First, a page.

Unlike their other comics at the time, which were digest sized, L & L had the dimensions of an American comic book, it was half color, and was made up mostly of highly illustrated text articles, with from 8 to 12 pages made up of color comics, it also had some striking covers.
I have read one place and another that today it is fondly remembered by parents and grandparents, but not a word about the now adult children it was fostered on giving a flip, a demographic that has to tell you something about the real popularity of Look & Learn.
1. Hey pal shut up, I’m trying to watch a depressing movie here. On second thought, just shut up altogether. First of a long line of public service comics put out in 1951 by of all groups the NFPA or National Fire Protection Association, after this they first went with two issues of Smokey Stover and then from then until this very day switched their own character Sparky the Fire-Dog. Sparky however has left us on our own in regard to atomic doom.
2. This is the fifth and last comic produced for the American Dental Association in 1954 by the company started by Will Eisner when he left commercial comics. Back during that era they were saying that comics caused everything from juvenile delinquency to a plethora perversions that most proper people in the 50’s were not even suppose to even know about.
And here’s proof that its true, with this one handed out for free in dentist’s offices trying to impurify all of our precious bodily fluids!
3. Further proof of the corrupting influence of comics, I’m no expert on these things, but I’m pretty sure this is some sort of fetish to SOME people, you know the ones I’m talking about THOSE people. Probably have a dozen different groups dedicated to it on Yahoogroups and any number of web pages about which I will not speak.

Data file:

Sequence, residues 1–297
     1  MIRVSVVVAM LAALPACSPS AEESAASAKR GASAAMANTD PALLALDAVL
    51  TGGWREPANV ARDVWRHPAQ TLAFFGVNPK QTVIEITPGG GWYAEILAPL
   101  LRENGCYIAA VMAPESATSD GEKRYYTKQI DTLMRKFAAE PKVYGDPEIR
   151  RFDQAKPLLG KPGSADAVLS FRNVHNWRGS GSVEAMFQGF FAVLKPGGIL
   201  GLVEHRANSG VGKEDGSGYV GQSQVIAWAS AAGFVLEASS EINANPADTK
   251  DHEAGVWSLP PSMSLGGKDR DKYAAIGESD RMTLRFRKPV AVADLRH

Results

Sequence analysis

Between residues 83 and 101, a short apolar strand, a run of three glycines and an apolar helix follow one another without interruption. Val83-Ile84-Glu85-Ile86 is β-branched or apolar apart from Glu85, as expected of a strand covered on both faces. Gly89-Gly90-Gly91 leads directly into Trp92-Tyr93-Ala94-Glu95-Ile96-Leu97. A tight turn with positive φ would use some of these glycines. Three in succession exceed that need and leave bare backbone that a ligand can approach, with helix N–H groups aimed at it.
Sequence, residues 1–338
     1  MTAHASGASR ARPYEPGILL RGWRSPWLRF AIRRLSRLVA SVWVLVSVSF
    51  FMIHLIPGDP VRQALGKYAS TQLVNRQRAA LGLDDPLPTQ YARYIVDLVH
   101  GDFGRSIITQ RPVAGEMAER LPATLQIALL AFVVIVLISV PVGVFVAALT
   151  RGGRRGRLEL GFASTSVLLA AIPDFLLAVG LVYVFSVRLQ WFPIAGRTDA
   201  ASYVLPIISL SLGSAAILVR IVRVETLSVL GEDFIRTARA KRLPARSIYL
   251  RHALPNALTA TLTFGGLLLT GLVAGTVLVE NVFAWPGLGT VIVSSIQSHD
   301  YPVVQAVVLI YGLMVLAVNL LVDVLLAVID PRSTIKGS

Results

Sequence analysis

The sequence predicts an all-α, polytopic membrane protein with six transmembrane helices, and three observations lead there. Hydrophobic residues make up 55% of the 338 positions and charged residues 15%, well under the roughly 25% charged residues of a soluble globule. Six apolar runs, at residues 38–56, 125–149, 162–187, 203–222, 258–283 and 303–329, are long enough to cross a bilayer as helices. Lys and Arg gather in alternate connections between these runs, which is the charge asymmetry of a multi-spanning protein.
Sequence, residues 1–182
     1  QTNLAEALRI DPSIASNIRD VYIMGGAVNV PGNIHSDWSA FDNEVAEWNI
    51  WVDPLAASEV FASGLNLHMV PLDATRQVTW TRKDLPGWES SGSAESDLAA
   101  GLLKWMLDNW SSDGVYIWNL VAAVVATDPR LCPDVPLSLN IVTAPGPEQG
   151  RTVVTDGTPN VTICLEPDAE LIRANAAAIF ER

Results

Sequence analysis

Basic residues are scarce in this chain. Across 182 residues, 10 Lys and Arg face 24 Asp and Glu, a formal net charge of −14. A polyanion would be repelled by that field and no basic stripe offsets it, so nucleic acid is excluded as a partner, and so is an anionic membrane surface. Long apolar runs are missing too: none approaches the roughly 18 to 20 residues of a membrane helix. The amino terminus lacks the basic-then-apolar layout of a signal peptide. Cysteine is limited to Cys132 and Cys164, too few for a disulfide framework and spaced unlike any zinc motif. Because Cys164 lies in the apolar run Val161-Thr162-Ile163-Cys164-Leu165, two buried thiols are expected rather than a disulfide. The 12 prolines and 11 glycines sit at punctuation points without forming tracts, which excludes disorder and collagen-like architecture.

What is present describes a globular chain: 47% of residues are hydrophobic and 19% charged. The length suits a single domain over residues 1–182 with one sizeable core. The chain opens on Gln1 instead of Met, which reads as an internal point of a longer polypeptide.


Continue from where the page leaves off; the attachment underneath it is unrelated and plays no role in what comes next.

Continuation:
Not that I would visit any one them!
4. At least some comics were on the right track back then, showing how things should be.
1. Sue & Sally, The Flying Smith Sisters. Appearing in just 7 comics in 1962, not long, but it should be noted as impressive for 1962 when female comic book heroines were thin on the ground . Use to be a romance comic called My Secret Love, but the Silver-Age was heating up, and romance comics were lagging and so Sue and Sally, nurses of the Emergency Corps Rescue Team, were born. Probably about due for a retooling and reappearance.
2. From 1948 a very unusual creation from Gordon “Boody” Rogers, but then all of Boody’s creations were pretty unusual to downright weird. This comic, which survived for 11 issues told the adventures of Babe Boone, who due to her life long imbedding of lighting juice (distilled from the bark of oak trees struck by lightning) is stronger, faster, and more agile than almost anyone else in the world, turning to sports she become the first women to play major league baseball, winning two World Series almost single handed while also giving football and boxing a try (rejected because she bad about the damage she has to inflict “on all those defenseless men” to play those games. Mostly however the comic tells about her live at home in Possum Holler in the Ozarks home of Babe as well as a merman who lives on land and gets around on crutches, a three legged caveman hatched from an egg that rolled out of a volcano, patches of land that if you blunder into them reverse your gender, and a community of centaurs. think Al Capp on acid and you have Babe’s adventures.
3. From 1952 we have G. I. Jane, a comic series more 50’s normal,